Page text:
Third place: State Street between Nevins Street and Third Avenue, Boerum Hill
First place in the commercial category: Hoyt Street between State Street and Atlantic Avenue, Boerum Hill
Second place: Van Brunt Street between Coffey Street and Van Dyke Street, Red Hook Best Street Tree Beds
First place: Bainbridge Street between Malcolm X Boulevard and Stuyvesant Avenue, Bedford-Stuyvesant
Second place: Schenectady Avenue between Avenue D and Foster Avenue, East Flatbush
Third place: MacDonough Street between Stuyvesant Avenue and Lewis Avenue, Bedford-Stuyvesant
Best Community Garden Streetscape
First place: Brooklyn’s Finest Garden, Lefferts Place between St. James and Grand Avenue, Clinton Hill
Second place: Howard Avenue Block Association Community Garden, Brownsville
Third place: 6/15 Green Community Garden, Park Slope
Best Window Box
First place: Sam Hall, 478 State Street, Boerum Hill
Second place: Vicki Fuller, 600 11th Street, Park Slope
Third place: Francisco Cruz Cruz 366 Greene Avenue, Bedford-Stuyvesant
First place: Burrito Bar, 307 Flatbush Avenue, Prospect Heights
Second place: Habana Outpost, 757 Fulton Street, Fort Greene
Third place: Shambhala Yoga and Dance Center, 348 St. Marks Avenue, Prospect Heights
Brooklyn Borough President Marty Markowitz said, “The Greenest Block contest is so much more than beautifying our neighborhoods—it’s about growing friendships, enriching communities, and cultivating Brooklyn’s bright future block by bountiful block. Like a hardy perennial, this proud tradition is back for its 16th year, and I tip my trowel to the latest crop of winning green thumbs. Long may you enrich our fertile Brooklyn soil and make our borough blossom into a greener, more healthy place to live, work, play—and put down permanent roots.”
“It's so exciting to see the ongoing impact of Brooklyn Botanic Garden’s Greenest Block in Brooklyn Contest," said Marilyn Gelber, president of the Brooklyn Community Foundation. “As the founding sponsors, we've had the pleasure of visiting each year's winning residential blocks from one end of Brooklyn to the other. But the real satisfaction comes from visiting these same blocks months and years later and seeing the enduring impact that the Greenest Block beautification has had on local communities. Our ongoing goal in supporting the Greenest Block and BBG's ambitious community horticulture programs will be to make Brooklyn the greenest, most beautiful urban landscape in New York City,” Gelber added.
“Over the past 16 years, it’s become clear that the contest’s footprint has widened beyond our expectations, and its mission to both green the borough and rejuvenate community connection has resonated very deeply,” noted Scot Medbury, president of Brooklyn Botanic Garden. “This year, on residential blocks we witnessed perhaps more communal gardening in public spaces than ever before—demonstrating that Brooklynites are gardening not only for themselves but for their neighbors and anyone who walks down their block to enjoy. We commend the 220 entering blocks this year and thank the borough president and the Brooklyn Community Foundation for providing the resources that help GreenBridge offer the outreach that has had such a powerful impact on these communities.”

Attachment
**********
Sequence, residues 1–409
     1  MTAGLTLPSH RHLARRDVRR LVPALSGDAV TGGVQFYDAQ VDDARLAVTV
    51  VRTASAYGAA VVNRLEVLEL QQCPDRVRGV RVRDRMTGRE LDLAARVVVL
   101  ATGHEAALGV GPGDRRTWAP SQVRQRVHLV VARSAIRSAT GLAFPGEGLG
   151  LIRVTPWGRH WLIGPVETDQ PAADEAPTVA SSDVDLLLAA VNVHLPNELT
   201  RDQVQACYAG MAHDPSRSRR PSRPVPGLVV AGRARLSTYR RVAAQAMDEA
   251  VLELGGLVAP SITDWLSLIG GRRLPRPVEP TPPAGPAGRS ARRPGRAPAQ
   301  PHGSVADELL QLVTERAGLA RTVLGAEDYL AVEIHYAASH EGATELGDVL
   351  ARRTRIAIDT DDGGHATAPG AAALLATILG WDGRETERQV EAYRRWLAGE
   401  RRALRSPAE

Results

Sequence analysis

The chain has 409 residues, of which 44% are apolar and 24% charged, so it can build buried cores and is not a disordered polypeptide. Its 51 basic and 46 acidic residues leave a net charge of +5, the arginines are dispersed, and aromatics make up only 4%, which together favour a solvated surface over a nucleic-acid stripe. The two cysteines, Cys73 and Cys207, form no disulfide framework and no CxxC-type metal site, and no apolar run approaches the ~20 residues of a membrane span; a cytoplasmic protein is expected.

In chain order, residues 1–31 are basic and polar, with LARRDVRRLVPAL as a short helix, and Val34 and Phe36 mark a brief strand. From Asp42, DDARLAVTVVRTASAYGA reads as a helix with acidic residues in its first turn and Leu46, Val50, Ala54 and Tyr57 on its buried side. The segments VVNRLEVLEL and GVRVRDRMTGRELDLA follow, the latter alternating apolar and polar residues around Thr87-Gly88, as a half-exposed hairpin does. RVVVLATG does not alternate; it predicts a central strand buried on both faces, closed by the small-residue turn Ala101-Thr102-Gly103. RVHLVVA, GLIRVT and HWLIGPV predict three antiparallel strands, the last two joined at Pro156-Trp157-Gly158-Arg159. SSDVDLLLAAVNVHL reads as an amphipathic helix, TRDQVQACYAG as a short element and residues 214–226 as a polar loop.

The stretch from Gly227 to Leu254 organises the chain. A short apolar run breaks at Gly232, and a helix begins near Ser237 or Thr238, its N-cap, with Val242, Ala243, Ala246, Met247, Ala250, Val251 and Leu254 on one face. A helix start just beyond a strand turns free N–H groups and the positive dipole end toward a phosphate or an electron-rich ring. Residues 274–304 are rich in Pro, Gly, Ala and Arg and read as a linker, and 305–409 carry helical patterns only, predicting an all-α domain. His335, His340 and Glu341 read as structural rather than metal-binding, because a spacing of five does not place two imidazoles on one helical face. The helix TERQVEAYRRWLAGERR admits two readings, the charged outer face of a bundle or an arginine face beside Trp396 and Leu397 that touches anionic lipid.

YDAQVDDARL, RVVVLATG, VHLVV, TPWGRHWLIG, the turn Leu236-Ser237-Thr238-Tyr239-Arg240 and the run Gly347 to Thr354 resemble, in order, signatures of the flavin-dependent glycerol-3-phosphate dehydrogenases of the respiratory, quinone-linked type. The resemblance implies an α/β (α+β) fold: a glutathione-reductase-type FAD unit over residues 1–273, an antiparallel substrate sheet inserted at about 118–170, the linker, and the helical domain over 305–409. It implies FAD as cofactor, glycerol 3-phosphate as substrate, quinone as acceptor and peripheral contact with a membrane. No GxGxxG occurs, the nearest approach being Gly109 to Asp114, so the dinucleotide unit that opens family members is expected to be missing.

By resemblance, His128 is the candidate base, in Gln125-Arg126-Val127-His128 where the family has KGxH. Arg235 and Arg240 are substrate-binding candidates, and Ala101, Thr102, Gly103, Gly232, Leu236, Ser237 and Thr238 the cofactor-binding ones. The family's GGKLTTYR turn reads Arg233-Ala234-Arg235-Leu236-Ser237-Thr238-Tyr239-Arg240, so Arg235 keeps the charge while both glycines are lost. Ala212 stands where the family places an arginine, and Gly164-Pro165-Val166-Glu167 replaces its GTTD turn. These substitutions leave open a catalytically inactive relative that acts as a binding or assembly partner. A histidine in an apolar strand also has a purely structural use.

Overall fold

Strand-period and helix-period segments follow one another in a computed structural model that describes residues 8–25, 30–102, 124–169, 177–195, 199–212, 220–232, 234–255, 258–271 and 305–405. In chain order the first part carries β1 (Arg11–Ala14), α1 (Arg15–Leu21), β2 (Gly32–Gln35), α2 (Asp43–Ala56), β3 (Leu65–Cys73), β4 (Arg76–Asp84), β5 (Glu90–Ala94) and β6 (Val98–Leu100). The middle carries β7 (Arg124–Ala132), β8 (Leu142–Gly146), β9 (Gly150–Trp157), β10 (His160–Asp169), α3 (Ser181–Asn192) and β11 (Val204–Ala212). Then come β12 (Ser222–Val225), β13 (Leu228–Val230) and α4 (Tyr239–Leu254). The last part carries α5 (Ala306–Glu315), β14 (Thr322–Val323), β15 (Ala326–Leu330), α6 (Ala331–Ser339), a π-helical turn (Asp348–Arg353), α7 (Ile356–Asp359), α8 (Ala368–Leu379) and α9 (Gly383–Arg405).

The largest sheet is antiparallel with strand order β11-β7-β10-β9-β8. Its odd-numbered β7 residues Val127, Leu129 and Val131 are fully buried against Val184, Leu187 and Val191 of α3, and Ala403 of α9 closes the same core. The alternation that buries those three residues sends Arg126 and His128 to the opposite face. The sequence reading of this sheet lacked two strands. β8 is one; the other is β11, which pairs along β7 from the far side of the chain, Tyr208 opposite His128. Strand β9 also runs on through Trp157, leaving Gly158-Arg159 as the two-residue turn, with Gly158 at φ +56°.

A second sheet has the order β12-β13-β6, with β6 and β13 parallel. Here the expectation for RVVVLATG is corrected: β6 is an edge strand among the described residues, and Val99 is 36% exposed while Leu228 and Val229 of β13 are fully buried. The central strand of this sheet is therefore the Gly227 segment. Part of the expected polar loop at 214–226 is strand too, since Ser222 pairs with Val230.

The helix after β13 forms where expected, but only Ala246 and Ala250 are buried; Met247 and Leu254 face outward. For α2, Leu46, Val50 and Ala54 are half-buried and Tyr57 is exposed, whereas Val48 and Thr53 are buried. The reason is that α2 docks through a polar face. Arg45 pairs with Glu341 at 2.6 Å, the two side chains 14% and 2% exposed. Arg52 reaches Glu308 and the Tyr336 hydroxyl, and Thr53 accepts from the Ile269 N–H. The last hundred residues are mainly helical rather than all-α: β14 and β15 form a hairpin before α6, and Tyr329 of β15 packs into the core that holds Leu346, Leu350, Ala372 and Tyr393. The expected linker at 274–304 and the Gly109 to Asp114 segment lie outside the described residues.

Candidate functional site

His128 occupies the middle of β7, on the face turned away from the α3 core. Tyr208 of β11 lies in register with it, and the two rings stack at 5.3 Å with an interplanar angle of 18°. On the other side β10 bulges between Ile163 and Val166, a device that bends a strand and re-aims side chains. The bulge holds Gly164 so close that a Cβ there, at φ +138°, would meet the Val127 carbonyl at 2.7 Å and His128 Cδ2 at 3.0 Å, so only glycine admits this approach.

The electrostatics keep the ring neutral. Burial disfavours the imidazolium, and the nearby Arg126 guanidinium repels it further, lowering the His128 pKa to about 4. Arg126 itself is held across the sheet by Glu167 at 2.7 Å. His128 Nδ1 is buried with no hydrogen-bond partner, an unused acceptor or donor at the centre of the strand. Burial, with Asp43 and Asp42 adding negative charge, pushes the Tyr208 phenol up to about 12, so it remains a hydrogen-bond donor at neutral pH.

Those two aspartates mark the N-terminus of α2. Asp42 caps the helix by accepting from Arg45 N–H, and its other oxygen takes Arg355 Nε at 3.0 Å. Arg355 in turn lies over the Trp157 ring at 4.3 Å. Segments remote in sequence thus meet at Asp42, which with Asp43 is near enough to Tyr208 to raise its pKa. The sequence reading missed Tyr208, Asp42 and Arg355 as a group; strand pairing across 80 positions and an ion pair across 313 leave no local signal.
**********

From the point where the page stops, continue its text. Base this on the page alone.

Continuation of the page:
For a full list of winners and more information about the contest, visit bbg.org/greenbridge.
About Brooklyn Botanic Garden
Founded in 1910, Brooklyn Botanic Garden (BBG) is an independent nonprofit institution committed to education, research, and the display of horticulture. Situated on 52 acres in the heart of Brooklyn, the Garden is home to over 12,000 kinds of plants and hosts more than 725,000 visitors annually. Brooklyn Botanic Garden is open from 8 a.m. to 6 p.m. Tuesday through Friday, and from 10 a.m. to 6 p.m. on Saturday and Sunday. Visitor entrances are at Flatbush Avenue, at the parking lot gate at 900 Washington Avenue, and at Eastern Parkway. For directions, please visit bbg.org/visit/directions/.
About the Brooklyn Community Foundation
The Brooklyn Community Foundation is a nonprofit organization dedicated to improving the lives of people in Brooklyn through grant making and by encouraging local giving and community service. The first and only organization of its kind in Brooklyn, the foundation was established in 2009 to support the borough’s most effective nonprofits in five fields of interest: Art for All, Caring Neighbors, Community Development, Education and Youth Achievement, and Green Communities. Since 1998, operating as the Independence Community Foundation, the foundation has distributed over $70 million in grants throughout the New York metro area, more than half of them in Brooklyn. Learn more at BrooklynCommunityFoundation.org. Follow the Brooklyn Community Foundation on Twitter at @DoGoodBklyn.